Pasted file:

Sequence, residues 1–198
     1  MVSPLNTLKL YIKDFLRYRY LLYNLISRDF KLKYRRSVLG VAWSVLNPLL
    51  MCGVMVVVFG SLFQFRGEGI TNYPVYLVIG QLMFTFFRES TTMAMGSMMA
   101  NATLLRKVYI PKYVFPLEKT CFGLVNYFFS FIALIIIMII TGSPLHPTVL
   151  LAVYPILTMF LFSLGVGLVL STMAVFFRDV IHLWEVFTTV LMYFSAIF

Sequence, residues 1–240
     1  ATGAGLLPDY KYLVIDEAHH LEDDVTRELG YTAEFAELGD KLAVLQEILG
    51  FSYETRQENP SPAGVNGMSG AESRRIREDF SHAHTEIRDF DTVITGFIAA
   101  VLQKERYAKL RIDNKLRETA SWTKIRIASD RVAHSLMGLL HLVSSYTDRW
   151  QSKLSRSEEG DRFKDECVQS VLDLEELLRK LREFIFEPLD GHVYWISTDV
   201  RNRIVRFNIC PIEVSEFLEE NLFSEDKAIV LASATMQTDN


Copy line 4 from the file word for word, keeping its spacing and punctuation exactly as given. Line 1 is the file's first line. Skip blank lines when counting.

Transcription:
   101  NATLLRKVYI PKYVFPLEKT CFGLVNYFFS FIALIIIMII TGSPLHPTVL